Mining scale-free networks using geodesic clustering

Andrew Y. Wu, Michael Garland, Jiawei Han
2004 Proceedings of the 2004 ACM SIGKDD international conference on Knowledge discovery and data mining - KDD '04  
Many real-world graphs have been shown to be scale-freevertex degrees follow power law distributions, vertices tend to cluster, and the average length of all shortest paths is small. We present a new model for understanding scale-free networks based on multilevel geodesic approximation, using a new data structure called a multilevel mesh. Using this multilevel framework, we propose a new kind of graph clustering for data reduction of very large graph systems such as social, biological, or
more » ... iological, or electronic networks. Finally, we apply our algorithms to real-world social networks and protein interaction graphs to show that they can reveal knowledge embedded in underlying graph structures. We also demonstrate how our data structures can be used to quickly answer approximate distance and shortest path queries on scale-free networks. measuring the relative importance of nodes [19] . Graph and social network mining have also been used to find hubs in hyperlinked corpora [3, 9] and to detect community structure in social networks [13] . Our focus is on the class of graphs termed scale-free networks. Graphs of this type are distinguished by three primary characteristics. First, they are highly clustered; if two vertices share a common neighbor, it is likely the two are themselves adjacent. Second, the average shortest path between two vertices is logarithmically small. And finally, the vertex degrees are distributed according to a power law [1]. Data fitting this profile arise quite naturally in physics, sociology, network analysis, and biology. In this paper we present a scalable framework for analyzing the structure of scale-free networks. We approach this problem from the perspective of data reduction. Given an initial complex graph, we aim to produce a far simpler graph that preserves the structure of the original as faithfully as possible. We describe a novel algorithm for clustering graphs based on graph geodesics (i.e., shortest paths). Furthermore, we outline a hierarchical model for scale-free networks, and couple this with our clustering algorithm to produce hierarchical representations of the input data.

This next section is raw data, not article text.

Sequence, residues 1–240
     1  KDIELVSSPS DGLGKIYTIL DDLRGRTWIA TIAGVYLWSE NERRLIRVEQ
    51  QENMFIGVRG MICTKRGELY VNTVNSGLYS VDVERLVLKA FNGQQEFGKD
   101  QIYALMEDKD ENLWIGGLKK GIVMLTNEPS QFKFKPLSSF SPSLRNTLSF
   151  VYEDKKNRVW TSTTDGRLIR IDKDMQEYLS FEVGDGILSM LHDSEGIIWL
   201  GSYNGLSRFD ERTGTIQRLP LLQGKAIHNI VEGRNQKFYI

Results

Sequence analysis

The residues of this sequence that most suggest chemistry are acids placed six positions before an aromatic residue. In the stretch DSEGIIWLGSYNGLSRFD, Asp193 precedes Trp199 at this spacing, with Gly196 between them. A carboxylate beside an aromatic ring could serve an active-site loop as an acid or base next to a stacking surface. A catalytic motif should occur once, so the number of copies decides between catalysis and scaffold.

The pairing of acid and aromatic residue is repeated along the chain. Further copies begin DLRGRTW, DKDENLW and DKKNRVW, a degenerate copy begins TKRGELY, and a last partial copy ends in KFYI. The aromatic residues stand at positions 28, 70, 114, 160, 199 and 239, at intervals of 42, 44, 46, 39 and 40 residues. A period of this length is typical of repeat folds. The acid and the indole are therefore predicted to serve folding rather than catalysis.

doi:10.1145/1014052.1014146 dblp:conf/kdd/WuGH04 fatcat:63l33dxctjhhxdgi2jnco47d6y